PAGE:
[Python-Dev] The Breaking of distutils and PyPI for Python 3000?

"Martin v. Löwis" martin at v.loewis.de
Wed Mar 19 14:34:17 CET 2008

> 1. What is the plan for PyPI when Python 3.0 comes out and
>     dependencies start getting satisfied from distribution
>     across the great divide, e.g. a 3.0-specific package
>     pulls from PyPI a 2.x-specific package to meet some
>     need?  Are there plans to fork PyPI, apply special
>     tags to uploads or what?

I don't see the need to for PyPI. For packages (or "distributions",
to avoid confusion with Python packages), I see two options:

a) provide a single release that supports both 2.x and 3.x.
    The precise strategy to do so might vary. If one is going
    for a single source version, have setup.py run 2to3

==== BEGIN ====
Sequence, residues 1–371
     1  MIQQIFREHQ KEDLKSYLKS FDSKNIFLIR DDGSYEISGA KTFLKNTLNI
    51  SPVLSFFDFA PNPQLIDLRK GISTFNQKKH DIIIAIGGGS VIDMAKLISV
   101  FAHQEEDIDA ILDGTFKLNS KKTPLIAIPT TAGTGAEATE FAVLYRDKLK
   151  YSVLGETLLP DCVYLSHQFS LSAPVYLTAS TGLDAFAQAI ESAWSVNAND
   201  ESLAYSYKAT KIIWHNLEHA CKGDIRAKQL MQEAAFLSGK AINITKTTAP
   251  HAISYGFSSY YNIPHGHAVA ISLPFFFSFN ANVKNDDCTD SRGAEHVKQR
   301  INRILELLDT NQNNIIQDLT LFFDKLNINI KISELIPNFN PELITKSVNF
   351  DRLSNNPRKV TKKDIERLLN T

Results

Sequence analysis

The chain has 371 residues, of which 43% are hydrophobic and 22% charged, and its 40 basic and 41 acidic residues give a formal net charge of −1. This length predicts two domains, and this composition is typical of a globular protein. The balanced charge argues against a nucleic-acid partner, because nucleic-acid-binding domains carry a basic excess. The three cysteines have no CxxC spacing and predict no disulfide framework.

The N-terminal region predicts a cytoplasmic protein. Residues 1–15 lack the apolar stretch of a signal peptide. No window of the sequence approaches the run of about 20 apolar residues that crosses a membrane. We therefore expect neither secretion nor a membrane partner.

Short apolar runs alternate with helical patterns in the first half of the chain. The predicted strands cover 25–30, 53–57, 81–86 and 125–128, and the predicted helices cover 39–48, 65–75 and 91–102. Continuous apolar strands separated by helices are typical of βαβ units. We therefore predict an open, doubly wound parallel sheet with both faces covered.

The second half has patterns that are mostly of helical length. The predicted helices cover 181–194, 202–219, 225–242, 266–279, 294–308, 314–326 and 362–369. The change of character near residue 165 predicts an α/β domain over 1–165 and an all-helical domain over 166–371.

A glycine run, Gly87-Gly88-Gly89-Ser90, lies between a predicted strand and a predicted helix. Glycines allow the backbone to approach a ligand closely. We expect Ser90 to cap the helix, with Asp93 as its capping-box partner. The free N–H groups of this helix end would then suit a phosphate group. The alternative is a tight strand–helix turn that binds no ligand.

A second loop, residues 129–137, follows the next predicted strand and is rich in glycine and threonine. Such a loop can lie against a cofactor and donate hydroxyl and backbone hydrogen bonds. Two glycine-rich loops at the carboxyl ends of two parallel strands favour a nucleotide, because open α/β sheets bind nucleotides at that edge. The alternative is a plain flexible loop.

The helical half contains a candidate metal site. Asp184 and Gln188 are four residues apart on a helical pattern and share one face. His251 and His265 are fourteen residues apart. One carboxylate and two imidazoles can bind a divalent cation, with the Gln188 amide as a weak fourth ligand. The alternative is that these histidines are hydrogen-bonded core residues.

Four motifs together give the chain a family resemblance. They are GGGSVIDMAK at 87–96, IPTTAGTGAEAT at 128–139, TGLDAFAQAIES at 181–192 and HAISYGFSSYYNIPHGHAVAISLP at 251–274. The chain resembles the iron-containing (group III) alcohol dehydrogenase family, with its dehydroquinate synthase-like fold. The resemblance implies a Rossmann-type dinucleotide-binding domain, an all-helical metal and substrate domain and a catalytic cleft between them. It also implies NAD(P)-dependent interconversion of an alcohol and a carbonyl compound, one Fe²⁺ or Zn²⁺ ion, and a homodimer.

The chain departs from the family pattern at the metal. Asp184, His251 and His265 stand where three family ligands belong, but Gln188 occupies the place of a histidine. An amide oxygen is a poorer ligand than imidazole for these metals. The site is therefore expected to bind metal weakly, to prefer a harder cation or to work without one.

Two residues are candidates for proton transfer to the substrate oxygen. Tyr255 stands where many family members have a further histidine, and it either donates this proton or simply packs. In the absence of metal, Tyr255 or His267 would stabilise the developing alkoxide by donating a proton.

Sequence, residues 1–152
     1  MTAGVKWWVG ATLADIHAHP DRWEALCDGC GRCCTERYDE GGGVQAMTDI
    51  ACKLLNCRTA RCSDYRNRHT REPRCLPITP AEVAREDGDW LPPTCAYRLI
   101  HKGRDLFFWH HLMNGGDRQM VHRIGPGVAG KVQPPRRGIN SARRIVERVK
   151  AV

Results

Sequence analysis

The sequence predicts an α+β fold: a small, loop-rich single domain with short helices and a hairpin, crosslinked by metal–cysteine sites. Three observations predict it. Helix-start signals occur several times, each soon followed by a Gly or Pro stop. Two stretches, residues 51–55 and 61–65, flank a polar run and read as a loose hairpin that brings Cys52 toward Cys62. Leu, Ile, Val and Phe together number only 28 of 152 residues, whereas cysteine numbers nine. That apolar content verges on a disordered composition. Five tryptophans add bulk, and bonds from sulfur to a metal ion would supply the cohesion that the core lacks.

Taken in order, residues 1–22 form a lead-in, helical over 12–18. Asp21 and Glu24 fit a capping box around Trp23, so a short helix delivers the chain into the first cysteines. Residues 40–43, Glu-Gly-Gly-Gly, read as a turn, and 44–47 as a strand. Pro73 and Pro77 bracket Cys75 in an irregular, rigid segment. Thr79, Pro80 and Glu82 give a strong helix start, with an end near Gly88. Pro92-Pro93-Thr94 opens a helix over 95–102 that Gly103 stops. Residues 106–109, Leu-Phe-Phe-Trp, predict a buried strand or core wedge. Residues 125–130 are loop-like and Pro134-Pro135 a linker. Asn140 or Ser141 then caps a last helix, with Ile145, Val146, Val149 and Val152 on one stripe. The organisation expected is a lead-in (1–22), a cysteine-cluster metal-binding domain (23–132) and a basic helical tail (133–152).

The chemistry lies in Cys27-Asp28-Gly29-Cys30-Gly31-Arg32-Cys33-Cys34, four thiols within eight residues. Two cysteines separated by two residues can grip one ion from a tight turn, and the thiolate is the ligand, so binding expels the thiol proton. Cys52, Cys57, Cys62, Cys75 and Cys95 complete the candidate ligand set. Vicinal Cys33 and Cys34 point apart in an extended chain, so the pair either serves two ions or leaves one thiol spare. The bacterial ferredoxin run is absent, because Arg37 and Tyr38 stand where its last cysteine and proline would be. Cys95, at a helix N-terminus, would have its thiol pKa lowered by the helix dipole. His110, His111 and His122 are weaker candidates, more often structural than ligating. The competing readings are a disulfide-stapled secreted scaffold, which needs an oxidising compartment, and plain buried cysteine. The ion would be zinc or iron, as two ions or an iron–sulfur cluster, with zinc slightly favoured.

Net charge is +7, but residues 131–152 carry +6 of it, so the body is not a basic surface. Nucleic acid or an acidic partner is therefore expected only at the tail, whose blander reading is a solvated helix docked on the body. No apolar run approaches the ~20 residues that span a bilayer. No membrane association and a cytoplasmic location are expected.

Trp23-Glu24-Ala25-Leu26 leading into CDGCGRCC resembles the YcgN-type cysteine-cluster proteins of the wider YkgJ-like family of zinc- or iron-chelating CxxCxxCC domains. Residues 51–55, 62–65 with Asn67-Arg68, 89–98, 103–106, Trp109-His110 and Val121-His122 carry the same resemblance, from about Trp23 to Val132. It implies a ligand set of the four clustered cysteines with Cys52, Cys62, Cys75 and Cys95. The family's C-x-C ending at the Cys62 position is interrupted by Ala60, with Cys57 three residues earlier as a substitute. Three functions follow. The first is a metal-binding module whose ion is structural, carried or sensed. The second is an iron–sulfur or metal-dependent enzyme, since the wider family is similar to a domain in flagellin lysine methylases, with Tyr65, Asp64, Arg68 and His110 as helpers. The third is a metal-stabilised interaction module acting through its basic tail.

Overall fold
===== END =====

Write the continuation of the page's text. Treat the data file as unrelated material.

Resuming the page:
(or perhaps 3to2). For dual-source packages, have setup.py
    just install the one for the right version; setup.py itself
    needs to be written so it runs on both versions (which is
    easy to do).
b) switch to Python 3 at some point (i.e. burn your bridges).

You seem to be implying that some projects may release separate
source distributions. I cannot imagine why somebody would want
to do that.

> 2. There have been attempts over the years to fix distutils,
>     with the last one being in 2006 by Anthony Baxter. He
>     stated that a major hurdle was the strong demand to
>     respect backward compatibility and he finally gave up.

Can you kindly refer to some archived discussion for that?

>     One of the purposes of Python 3.0 was the freedom to
>     break backward compatibility for the sake of "doing
>     the right thing".  So is it now permissible to give
>     distutils a good reworking and stop letting
>     compatibility issues hold us back?

I don't know what the proposed changes are, but for some
changes; in general, I feel that the need for backwards
compatibility is exaggerated.


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